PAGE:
Boiling Point Elevation Concept 1

Jules Bruno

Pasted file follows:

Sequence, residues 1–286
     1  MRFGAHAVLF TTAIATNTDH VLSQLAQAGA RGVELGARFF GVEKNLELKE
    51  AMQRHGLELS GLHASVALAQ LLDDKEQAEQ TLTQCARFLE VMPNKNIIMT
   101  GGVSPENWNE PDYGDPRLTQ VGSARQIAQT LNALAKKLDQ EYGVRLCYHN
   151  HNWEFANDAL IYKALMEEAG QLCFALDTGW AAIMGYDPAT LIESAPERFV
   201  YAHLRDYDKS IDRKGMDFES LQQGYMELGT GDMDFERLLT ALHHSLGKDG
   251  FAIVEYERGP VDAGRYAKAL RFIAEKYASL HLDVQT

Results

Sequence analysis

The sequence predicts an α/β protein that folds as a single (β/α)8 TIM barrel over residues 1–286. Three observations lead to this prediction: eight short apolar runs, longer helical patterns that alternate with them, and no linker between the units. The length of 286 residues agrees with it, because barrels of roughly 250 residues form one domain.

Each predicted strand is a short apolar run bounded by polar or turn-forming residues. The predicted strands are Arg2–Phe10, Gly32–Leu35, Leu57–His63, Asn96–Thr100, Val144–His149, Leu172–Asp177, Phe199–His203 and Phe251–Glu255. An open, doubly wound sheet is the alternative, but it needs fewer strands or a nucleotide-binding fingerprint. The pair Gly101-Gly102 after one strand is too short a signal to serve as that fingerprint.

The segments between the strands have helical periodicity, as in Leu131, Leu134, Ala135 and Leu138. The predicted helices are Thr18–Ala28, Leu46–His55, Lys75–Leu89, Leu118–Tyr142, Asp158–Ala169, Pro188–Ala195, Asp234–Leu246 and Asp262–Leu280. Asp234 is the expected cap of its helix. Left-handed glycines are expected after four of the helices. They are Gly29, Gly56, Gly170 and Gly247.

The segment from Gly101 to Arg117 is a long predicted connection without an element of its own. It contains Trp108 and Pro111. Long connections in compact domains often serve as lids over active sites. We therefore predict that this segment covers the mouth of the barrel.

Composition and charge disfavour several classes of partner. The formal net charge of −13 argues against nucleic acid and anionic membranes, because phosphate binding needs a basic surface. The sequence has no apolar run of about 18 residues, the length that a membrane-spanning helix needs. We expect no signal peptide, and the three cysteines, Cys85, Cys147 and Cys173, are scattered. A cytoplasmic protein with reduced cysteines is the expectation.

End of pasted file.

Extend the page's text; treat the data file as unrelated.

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here. We're going to say the phenomenon when adding a sol you to appear solvent results in increasing of the boiling point of the solvent. Remember, the more so you add, the higher your boiling point will be. Now, with this idea of boiling point, we have what's called the normal boiling point. And then the boiling point of the solution that's created, we're gonna say normal boiling point, which is BP, And we're going to say here of the solvent. This is the boiling point of the pure solvent before the addition of salute. So before I've added any salute, this is basically the boiling point of the pure solvent. Now, boiling point of solution, we're gonna say BP solution. This is the boiling point of the solvent after the addition of the Salyut remember, solution is when we add Salyut to a solvent. Now, if we take a look at boiling point elevation, remember, it goes up as we have more salute. We have four areas that we need to focus on the first area deals with the boiling point elevation formula here we're gonna say delta t. B. So the change in our boiling point equals I Times, KB Times Lower case M. I is related to our bent Hoff factor. So these are variables we're going to say here that K B is the boiling point constant of our pure solvent in units of degrees Celsius over morality and then lower case M is morality of the solution in moles of solute per kilogram of solvent. Once we've used this boiling point elevation formula and no, it's different variables. We then can figure out the boiling point of our solution here. We're gonna say the boiling point of solution equals the boiling point of our pure solvent. So this is our normal boiling point, plus Delta T B. Now, the solvents that are customarily using questions like this are water, benzene, chloroform or ethanol. Here are their normal boiling points. If we add salute to them, we'd expect their boiling points to be higher than these that are reported here. They're KB values. Their boiling point constants are these values respectively, .51, 3.60 and 1.20. No, you don't need to memorize these numbers. These are just different types of solvents that you might see pop up in a question dealing with the collective properties now. One last thing. Recall. If a compound is co violent, non volatile or non ionic, meaning non electrolyte, then it's Van Hoff Factor is going to be equal 21. So just keep in mind when it comes to boiling point elevation. These are the key areas you need to pay attention to in order to find the boiling point of a solution.